Archive | September, 2010

Young Adult Art Gallery Opening 3-4 pm on Sat. 10/16

30 Sep

It’s Banned Book Week: 9/25- 10/2

27 Sep

During the last week of September every year, hundreds of libraries and bookstores around the country draw attention to the problem of censorship by mounting displays of challenged books and hosting a variety of events. The 2010 celebration of Banned Books Week will be held from Sept. 25 through Oct. 2.

Banned Books Week is the only national celebration of the freedom to read. It was launched in 1982 in response to a sudden surge in the number of challenges to books in schools, bookstores and libraries. More than a thousand books have been challenged since 1982. The challenges have occurred in every state and in hundreds of communities. Click here to see a map of book bans and challenges in the US from 2007 to 2009. People challenge books that they say are too sexual or too violent. They object to profanity and slang, and they protest against offensive portrayals of racial or religious groups–or positive portrayals of homosexuals. Their targets range from books that explore contemporary issues and controversies to classic and beloved works of American literature.

According to the American Library Association, out of 460 challenges reported to the Office of Intellectual Freedom in 2009, the 10 most challenged titles were:

ttyl; ttfn; l8r, g8r (series), by Lauren Myracle
Reasons: nudity, sexually explicit, offensive language, drugs,
and unsuited to age group

And Tango Makes Three, by Peter Parnell and Justin Richardson
Reasons: homosexuality

The Perks of Being a Wallflower, by Stephen Chbosky
Reasons: drugs, homosexuality, nudity, offensive language, sexually
explicit, suicide, and unsuited to age group

To Kill a Mockingbird, by Harper Lee
Reasons: racism, offensive language, unsuited to age group

Twilight (series), by Stephenie Meyer
Reasons: sexually explicit, religious viewpoint, unsuited to age group

Catcher in the Rye, by J.D. Salinger
Reasons: sexually explicit, religious viewpoint, unsuited to age group

My Sister’s Keeper, by Jodi Picoult
Reasons: sexism, homosexuality, sexually explicit, offensive language, unsuited to age group, drugs, suicide, violence

The Earth, My Butt, and Other Big, Round Things, by Carolyn  Mackler
Reasons: sexually explicit, offensive language, unsuited to age group

The Color Purple, by Alice Walker
Reasons: sexually explicit, offensive language, unsuited to age group

The Chocolate War, by Robert Cormier
Reasons: nudity, sexually explicit, offensive language, unsuited to age group

Banned Books Week: Celebrating the Freedom to Read!

I would be dead without libraries

24 Sep

Award-winning young adult author Gary Paulsen gives a candid account of his life story.

A librarian saved Gary Paulsen’s life.

More than 100 people listened with amazement Sunday as the self-proclaimed street kid who became an award-winning author shared his life story at the Carnegie-Stout Public Library.

“I would be dead without libraries,” said Paulsen, 71.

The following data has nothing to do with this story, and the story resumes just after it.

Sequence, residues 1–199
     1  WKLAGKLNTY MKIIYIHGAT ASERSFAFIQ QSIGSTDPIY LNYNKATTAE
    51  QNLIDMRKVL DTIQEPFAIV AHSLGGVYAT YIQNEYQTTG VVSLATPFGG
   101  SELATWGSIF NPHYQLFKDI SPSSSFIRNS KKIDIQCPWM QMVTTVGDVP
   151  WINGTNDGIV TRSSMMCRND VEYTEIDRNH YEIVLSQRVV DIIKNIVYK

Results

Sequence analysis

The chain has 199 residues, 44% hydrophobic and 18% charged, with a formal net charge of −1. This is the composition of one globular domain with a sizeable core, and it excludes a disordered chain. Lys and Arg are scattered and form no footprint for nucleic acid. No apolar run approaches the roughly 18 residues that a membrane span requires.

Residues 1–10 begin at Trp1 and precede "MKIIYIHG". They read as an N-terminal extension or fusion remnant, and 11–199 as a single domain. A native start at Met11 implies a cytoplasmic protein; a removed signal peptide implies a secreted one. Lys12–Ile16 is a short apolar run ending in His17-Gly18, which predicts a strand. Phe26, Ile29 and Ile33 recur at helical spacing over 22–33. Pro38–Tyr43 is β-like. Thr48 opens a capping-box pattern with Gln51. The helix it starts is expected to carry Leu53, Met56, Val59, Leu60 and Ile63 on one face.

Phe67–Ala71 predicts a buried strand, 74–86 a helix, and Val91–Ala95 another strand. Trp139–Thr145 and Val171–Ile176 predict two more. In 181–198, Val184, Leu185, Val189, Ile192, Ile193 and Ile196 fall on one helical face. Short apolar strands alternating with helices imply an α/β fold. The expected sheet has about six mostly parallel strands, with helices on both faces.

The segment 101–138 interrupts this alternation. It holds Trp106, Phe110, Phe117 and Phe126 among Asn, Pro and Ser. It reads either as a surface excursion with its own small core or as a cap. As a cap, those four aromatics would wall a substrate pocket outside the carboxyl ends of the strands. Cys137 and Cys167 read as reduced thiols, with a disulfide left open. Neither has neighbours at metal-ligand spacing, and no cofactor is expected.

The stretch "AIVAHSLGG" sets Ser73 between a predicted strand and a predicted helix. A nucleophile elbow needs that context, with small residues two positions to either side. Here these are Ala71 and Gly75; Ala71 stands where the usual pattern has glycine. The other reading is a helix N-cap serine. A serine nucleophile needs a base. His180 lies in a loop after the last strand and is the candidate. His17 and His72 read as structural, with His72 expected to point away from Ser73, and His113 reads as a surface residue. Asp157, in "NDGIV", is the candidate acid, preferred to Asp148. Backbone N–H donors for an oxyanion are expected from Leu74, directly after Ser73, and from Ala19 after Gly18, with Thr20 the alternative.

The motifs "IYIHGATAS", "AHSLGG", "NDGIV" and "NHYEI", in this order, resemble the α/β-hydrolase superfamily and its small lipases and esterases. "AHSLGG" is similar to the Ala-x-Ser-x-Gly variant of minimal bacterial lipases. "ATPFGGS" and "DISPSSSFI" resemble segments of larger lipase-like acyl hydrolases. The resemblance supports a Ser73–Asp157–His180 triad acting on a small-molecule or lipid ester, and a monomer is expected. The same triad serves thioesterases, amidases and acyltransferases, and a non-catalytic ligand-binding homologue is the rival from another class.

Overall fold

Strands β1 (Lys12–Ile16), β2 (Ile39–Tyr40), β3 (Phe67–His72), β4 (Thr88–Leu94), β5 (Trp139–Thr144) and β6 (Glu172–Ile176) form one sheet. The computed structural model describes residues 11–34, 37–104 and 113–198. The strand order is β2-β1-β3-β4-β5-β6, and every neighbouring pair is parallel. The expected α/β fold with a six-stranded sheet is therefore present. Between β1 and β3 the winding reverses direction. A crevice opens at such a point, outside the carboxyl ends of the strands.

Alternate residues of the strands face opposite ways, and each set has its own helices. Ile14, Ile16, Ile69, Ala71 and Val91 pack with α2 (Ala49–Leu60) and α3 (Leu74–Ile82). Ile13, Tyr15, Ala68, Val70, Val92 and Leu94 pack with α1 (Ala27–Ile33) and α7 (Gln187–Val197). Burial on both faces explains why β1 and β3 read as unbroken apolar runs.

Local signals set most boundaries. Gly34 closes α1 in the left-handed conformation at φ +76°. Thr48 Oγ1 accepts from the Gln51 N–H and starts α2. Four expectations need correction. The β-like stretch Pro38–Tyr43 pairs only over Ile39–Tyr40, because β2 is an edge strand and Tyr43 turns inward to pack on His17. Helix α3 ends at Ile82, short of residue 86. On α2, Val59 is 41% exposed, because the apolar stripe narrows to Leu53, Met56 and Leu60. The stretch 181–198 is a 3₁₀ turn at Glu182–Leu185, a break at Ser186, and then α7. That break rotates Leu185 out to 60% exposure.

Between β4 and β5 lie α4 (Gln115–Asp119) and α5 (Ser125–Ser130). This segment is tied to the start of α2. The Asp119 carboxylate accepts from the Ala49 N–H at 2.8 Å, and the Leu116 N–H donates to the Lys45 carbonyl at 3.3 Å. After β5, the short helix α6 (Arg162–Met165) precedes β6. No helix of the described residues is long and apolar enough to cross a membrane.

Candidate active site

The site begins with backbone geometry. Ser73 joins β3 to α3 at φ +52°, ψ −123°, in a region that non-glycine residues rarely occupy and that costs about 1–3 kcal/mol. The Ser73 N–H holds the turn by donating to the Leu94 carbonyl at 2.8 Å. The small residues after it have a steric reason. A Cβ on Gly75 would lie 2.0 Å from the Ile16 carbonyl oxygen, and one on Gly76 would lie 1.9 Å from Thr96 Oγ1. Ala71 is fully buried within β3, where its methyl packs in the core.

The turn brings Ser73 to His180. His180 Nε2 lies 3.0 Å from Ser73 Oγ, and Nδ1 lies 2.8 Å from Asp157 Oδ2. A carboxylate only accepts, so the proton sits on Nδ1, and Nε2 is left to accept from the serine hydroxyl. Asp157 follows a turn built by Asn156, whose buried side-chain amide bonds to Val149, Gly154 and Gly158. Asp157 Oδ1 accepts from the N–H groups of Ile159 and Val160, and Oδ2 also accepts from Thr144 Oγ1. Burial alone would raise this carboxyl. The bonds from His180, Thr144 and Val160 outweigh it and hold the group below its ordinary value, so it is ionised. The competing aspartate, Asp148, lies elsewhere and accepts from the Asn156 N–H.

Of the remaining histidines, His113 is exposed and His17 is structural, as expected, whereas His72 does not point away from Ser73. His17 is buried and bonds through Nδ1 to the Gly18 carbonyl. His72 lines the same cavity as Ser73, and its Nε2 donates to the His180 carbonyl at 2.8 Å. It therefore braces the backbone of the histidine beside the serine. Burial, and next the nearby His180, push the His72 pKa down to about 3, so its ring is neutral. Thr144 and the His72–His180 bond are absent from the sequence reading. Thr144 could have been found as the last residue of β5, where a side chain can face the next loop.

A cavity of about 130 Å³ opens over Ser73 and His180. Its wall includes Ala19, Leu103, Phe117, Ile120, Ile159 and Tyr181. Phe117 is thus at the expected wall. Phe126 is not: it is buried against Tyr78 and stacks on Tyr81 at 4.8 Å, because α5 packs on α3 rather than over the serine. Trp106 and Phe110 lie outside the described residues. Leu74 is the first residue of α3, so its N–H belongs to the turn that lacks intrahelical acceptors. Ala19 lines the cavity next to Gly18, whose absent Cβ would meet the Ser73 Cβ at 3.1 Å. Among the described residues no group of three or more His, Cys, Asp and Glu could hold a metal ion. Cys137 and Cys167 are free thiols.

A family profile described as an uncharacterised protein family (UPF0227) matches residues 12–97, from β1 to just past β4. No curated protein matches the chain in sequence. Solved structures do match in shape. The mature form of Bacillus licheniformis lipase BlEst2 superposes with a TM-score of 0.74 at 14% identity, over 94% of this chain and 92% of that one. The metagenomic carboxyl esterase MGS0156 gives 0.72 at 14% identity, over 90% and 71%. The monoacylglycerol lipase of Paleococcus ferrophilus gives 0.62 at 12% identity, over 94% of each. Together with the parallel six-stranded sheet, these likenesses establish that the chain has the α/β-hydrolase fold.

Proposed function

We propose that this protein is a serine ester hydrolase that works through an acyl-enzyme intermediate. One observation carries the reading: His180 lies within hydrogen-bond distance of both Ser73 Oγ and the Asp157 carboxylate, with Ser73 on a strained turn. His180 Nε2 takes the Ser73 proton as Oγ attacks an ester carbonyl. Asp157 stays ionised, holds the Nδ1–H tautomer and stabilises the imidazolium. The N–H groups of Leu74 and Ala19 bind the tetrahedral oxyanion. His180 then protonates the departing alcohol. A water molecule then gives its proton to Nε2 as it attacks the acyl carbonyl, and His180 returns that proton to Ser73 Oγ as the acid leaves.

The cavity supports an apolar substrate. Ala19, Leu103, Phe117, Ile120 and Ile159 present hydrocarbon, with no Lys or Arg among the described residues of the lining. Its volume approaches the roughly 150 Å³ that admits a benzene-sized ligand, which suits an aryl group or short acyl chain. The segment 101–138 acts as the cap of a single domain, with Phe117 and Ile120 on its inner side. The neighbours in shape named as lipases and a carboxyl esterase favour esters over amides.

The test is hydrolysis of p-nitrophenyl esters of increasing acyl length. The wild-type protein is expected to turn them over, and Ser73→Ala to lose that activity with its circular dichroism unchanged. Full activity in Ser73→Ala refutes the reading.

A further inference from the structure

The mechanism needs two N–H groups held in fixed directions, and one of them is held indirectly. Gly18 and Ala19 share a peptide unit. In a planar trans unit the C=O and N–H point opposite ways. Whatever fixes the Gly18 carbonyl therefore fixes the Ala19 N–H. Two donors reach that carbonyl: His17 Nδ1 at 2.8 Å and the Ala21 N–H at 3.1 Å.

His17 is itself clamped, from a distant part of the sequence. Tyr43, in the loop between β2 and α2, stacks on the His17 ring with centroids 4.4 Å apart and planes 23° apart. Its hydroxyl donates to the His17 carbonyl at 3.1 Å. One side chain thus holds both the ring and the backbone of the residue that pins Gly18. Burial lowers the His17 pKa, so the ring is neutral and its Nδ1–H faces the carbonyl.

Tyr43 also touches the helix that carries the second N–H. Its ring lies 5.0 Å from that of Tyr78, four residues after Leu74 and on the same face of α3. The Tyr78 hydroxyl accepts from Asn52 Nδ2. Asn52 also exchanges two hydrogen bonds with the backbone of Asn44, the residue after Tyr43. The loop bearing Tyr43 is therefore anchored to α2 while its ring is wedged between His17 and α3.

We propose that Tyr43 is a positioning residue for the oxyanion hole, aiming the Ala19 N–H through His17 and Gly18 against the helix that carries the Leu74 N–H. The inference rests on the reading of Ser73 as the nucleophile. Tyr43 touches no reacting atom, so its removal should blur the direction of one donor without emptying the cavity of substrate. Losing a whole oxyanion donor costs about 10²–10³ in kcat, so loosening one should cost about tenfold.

Dressed in a black turtleneck sweater and blue jeans, the author of three Newbery Honor Books — “Hatchet,” “Dogsong” and “The Winter Room” — held nothing back.

Paulsen described how he sold newspapers as a teenager at bars. One cold night, he walked into a library to keep warm until the drunks got so sloshed that he could easily swipe extra change.

Once inside, something amazing happened. A librarian asked Paulsen if he would like a library card.

“Nobody gave me anything,” Paulsen said.

He was shocked when the librarian gave him his very own card with his name correctly spelled. She encouraged Paulsen to read more and more books over the next few years.

Although he failed in almost everything at school, Paulsen continued to read.

“Everything that I am or ever will be in writing is because of (that librarian),” he said.

The famous author of more than 175 books was one of many authors who helped Carnegie-Stout celebrate the completion of its $6.5 million renovation project.

“I love the book ‘Hatchet,’ and thought it’d be a really cool experience to see him,” said Kate Hanley, 13, of Dubuque.

Although Paulsen’s core audience is young adults, he has written a few adult books.

“It’s artistically fruitless to write for adults,” Paulsen said. He added that he prefers to write for young adults who “are still open to new ideas.”

Throughout the years, Paulsen has been able to keep in touch with an ever-changing young adult population by being as honest as he possibly can in his books.

Paulsen said he still is amazed that his books are taught in classrooms throughout the country.

“There’s a great irony considering that I flunked everything,” Paulsen said. “I never thought of myself as teachable … I was just trying to get through alive.”  (via

Review of Anthem by Ayn Rand

16 Sep

Anthem by Ayn Rand is a disturbing look at a terrifying future where no man is allowed to think with his own mind. It is as if every City Hall told every single person what their job should be, at what time they should wake up in the morning, what to eat, when to go outside, and many other commands. But it is not the only book like this. This story is strikingly similar to The City of Ember by Jeanne DuPrau and The Giver by Lois Lowry. In all of these books there is an unknown place that is forbidden, like the Uncharted Forest in Anthem, the Unknown Regions in The City of Ember, and where Jonas leaves to at the end in The Giver. Whenever a city tries to make a utopia, it always turns out to be a dystopia. Nothing is perfect when there is an attempt to make something just right.

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